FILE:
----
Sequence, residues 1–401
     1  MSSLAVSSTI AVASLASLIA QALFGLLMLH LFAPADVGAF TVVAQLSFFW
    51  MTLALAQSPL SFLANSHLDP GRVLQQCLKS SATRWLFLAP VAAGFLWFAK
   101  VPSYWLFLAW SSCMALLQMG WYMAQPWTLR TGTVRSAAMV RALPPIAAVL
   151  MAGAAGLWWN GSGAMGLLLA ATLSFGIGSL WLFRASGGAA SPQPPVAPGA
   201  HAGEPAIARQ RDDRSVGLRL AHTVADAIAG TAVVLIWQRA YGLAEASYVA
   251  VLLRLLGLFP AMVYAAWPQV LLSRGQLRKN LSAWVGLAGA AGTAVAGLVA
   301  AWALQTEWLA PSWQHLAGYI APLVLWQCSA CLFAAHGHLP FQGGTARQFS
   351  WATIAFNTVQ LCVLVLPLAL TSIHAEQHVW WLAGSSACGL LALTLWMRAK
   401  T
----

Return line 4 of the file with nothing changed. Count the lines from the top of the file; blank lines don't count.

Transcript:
   101  VPSYWLFLAW SSCMALLQMG WYMAQPWTLR TGTVRSAAMV RALPPIAAVL